BY SAMANTHA GRATTON
On Monday evenings after school, boys and girls excitedly trickle through the doors of the Church of the Good Shepherd on Hillsborough Street in downtown Raleigh. This is where the Raleigh Youth Choir meets each week. Formerly known as the Raleigh Boychoir, the group changed its name to Raleigh Youth Choir in 2022 so girls could join in the fun.
“I saw this great music education offering and also this social offering that I felt really strongly needed to be expanded—to have a place where all youth could come experience high-caliber learning, the communal part of the organization, but also have fun,” says Jeremy Tucker, who is not only the choir’s artistic director, but also conductor of the Capital Choir and Sibley Singers, and director of arts education for Durham Public Schools.
The Raleigh Youth Choir consists of six choirs: the Acorn Choir, Oak Choir, Capital Choir, Mosaic Choir, Page Singers, and Sibley Singers. Each name has local significance or ties. The Sibley Singers choir, for example, is named after Thomas E. Sibley, who originally founded the choir in 1968. Age-appropriate instruction is taught by a diverse staff of highly trained and talented choral conductors.
Where the CHOIR Performs
The choir has a long history of 55 years in Raleigh, and has been asked to perform at North Carolina governor inaugurations, Duke University basketball games and assisted living facilities. Its “Carols of Christmas” performance is an annual tradition. The Raleigh Youth Choir will also host next year’s Piedmont Invitational Children’s Choral Festival, which welcomes six to seven choirs from across the state each spring. The variety of performances provide ample opportunity for members to learn different styles of music, from traditional to modern.
“A lot of the music is really fun, and I’ve made a lot of friends,” says Christopher, age 9, who is a member of the Capital Choir. Some of his favorite experiences have been singing music from the movie “The Polar Express” with the North Carolina Symphony, and learning the music from the “The NeverEnding Story.”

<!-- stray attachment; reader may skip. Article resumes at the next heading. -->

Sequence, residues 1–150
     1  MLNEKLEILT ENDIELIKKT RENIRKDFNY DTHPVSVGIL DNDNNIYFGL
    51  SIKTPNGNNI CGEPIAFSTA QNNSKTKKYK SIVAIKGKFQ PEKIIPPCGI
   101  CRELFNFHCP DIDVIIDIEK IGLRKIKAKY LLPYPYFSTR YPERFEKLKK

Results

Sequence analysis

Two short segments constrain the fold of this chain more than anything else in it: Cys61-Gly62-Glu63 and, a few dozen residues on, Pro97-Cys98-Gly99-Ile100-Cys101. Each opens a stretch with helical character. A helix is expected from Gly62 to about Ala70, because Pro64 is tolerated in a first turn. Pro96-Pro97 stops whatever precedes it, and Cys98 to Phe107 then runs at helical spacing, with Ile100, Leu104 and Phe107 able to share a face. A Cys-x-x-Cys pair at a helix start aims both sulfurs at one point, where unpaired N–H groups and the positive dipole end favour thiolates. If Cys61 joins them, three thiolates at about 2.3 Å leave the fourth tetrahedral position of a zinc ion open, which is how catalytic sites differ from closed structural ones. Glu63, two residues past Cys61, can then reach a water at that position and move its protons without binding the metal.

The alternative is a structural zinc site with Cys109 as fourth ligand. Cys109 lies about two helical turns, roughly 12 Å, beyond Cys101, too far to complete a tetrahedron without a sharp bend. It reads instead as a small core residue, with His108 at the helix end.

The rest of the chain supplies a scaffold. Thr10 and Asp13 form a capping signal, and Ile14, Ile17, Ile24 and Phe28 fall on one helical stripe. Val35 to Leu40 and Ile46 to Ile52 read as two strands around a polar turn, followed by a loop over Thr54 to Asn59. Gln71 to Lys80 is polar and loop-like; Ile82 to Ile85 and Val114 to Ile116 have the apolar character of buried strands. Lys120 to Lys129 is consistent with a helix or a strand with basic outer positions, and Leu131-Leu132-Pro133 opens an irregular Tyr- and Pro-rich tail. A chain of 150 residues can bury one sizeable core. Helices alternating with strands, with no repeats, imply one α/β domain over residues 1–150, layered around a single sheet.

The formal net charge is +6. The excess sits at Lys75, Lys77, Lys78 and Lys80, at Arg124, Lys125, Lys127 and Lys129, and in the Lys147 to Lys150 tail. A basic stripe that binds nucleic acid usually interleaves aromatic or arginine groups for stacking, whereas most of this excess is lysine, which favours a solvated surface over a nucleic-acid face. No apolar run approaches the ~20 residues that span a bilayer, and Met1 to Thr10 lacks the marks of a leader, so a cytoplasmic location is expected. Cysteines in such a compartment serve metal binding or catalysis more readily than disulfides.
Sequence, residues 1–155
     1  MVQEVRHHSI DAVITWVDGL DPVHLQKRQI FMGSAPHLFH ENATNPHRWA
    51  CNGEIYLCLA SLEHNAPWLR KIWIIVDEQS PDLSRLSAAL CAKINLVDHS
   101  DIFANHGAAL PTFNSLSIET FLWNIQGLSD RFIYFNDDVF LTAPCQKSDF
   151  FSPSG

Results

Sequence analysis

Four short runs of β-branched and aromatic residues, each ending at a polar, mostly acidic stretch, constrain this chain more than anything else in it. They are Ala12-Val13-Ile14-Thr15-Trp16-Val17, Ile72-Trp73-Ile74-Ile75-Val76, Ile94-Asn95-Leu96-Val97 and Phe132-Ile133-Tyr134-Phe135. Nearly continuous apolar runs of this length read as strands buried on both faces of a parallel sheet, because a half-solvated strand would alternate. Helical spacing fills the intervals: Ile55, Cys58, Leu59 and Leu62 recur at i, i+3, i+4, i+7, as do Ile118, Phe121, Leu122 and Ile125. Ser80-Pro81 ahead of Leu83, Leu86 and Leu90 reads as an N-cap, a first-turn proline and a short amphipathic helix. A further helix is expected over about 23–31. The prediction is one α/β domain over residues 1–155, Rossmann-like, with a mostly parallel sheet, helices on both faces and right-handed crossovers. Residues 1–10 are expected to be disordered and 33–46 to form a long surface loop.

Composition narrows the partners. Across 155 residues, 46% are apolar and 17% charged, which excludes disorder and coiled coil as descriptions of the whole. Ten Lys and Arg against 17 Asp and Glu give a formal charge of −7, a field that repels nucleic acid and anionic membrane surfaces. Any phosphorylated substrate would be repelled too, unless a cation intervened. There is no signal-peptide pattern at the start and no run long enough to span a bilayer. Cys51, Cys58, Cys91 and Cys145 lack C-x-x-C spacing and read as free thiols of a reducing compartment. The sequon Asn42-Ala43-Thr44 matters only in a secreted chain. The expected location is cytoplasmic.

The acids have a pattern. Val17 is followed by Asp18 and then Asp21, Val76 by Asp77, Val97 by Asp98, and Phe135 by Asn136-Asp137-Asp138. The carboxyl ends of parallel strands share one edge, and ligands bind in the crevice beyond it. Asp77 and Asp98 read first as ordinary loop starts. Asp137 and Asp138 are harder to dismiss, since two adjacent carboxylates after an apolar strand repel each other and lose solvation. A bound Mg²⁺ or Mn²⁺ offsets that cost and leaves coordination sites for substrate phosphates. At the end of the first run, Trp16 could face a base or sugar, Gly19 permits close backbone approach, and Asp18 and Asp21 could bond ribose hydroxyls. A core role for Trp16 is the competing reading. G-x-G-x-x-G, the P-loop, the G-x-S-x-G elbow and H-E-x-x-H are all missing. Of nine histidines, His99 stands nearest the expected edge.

Travel becomes a bigger part of the high school choirs’ performance schedule, as singers rotate between out-of-state and international trips every year. This schedule has included places such as Washington D.C., New York City, Ireland and England. In 2024, the Page Singers and Sibley Singers will spend two weeks on a European tour, performing throughout Germany and in Prague.
Preserving Its Strengths
Historically, boychoirs were intended for boys prior to their voice changing during puberty. Over time, many boychoirs have adapted to include older boys, as well as girls. The Raleigh Youth Choir’s Capital Choir specifically supports the changing of the male voice. Instead of being asked to leave the choir, as the tone and deepness of their voice changes, choir members are surrounded by other members going through the same experiences.
“I have found a lot of value, especially for our boys who are in middle school, to have a space where you can be around voices that are changing, and you can continue to sing,” says Tucker, who has a bachelor’s degree in music and master’s degree in music education. While the younger choirs now consist of a mix of boys and girls, the middle and high school choirs are separated by gender in order to preserve that safe space.
Join the Fun
The Raleigh Youth Choir believes every voice has a place to sing and perform. Both boys and girls—from kindergarteners through high school seniors—are welcome. In an effort to become more accessible, monthly tuition costs were recently cut in half from what they used to be, and the choir now meets in the Church of the Good Shepherd, a location along Raleigh’s public transportation bus route.
“We really love it,” says Caroline Jeb of Cary, whose 11-year-old son, Matthew, has been in the choir for the past couple of years. “It’s very structured. They really pour their heart into teaching kids.”
The choir aims to complement and expound upon what a student is learning in school through quality instruction and unique performance opportunities. Those who are interested in trying it out can visit a rehearsal, participate in a week of summer camp, or contact the choir for a placement audition—which are held throughout the summer for the August–May season.
But new members of the choir are also welcomed on a rolling basis throughout the year. While all voices can join, auditions help the conductors place children in the choir that is most suited to their voice. “I just like to sing and it helps me express the way I feel,” says Jaylen, 11, who sings with the Capital Choir.
To those singers who are thinking about joining the choir, Jaylen says, “It’s pretty fun. You have to practice a lot, do lots of vocal exercise, and drink lots of water.”
Check out more stories around Raleigh by visiting Midtown Magazine.